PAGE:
For Tennessee residents and others across the country, medical debt is the most common reason to file for bankruptcy. Of those who have insurance and are under age 65, approximately 20 percent say that they have trouble paying medical costs. Although seniors are most likely to have health issues, members of Generation X have the highest levels of medical debt. A person in this generation has a medical debt load of $19,670 on average.
A series of bankruptcy court decisions could signal an impending shift in the way Tennessee courts treat residential mortgages. In a number of cases, Ohio bankruptcy judges greatly expanded a debtor's ability to "cram down" a mortgage on their primary residence. This marks a stark change from how most courts treat these mortgages.
A survey by the Kaiser Family Foundation found that approximately 33 percent of people around the country have trouble paying their medical bills. Tennessee patients who have used a medical credit card to pay for these expenses may not be fully aware of the consequences. One reason is that people sometimes sign up for these types of cards without fully understanding the terms.
Many Tennessee consumers struggle with multiple types of debt, including credit card bills, student loans, medical bills and unpaid taxes. According to one report that compared how different generations were managing their debt, members of Generation X are struggling more than baby boomers and millennials.
Many Tennessee consumers are overwhelmed by their debts and believe that they will never be able to pay them off. However, some of them who have substantial levels of debt have several options to try to repay them and to improve their credit scores.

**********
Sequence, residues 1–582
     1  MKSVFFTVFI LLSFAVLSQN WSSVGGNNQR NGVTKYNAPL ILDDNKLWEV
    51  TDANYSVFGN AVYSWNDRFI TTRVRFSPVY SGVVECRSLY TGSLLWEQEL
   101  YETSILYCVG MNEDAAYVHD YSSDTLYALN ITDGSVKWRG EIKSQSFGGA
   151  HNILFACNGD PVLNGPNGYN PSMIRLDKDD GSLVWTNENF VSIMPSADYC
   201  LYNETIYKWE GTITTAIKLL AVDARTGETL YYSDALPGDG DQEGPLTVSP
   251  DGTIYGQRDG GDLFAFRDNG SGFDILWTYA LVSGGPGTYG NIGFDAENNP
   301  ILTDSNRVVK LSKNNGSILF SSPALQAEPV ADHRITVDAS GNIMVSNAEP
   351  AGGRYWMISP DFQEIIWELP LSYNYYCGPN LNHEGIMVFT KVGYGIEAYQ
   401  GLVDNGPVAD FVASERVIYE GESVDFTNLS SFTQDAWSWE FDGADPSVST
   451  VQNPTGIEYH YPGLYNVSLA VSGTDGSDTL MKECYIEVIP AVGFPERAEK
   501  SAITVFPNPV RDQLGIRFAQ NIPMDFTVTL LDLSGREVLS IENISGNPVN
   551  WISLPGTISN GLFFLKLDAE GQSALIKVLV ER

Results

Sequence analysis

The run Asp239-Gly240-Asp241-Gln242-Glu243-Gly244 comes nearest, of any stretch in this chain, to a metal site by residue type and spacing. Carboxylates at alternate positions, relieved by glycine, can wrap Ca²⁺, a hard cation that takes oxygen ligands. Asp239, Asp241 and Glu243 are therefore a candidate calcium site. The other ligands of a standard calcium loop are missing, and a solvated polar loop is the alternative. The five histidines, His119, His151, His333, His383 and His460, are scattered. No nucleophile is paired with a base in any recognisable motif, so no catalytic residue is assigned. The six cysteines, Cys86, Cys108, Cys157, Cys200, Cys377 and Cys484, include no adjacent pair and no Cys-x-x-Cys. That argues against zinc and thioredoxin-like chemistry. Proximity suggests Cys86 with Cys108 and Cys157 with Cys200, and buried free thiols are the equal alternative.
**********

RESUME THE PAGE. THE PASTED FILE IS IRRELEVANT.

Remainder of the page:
Some people in Tennessee may not realize that there are errors on their credit reports until they attempt to get a loan or a job. They could be denied the loan or even a job because of errors that are not their fault. One study found that there were more 120 million confirmed credit report errors between 2014 and 2016.
Creditors in Tennessee may need to make themselves aware of changes to existing bankruptcy laws. These changes may impact those who have secured claims, unsecured claims or lien judgments in a Chapter 13 case. One important change relates to filing a proof of claim. Failure to do so may result in not being included in a debtor's Chapter 13 repayment plan. However, liens a creditor may have do not go away merely because a proof of claim is not filed.
Debtors in Tennessee who are considering filing for bankruptcy may be interested to learn the changes that have been made to the federal rules of bankruptcy procedure. The changes, which became effective on December 1, 2017, also include a new plan form for Chapter 13 bankruptcy.
For Tennessee residents who are struggling with credit card debt, a hike in interest rates can make paying that debt off even more difficult. However, there are strategies they can use to reduce interest rates.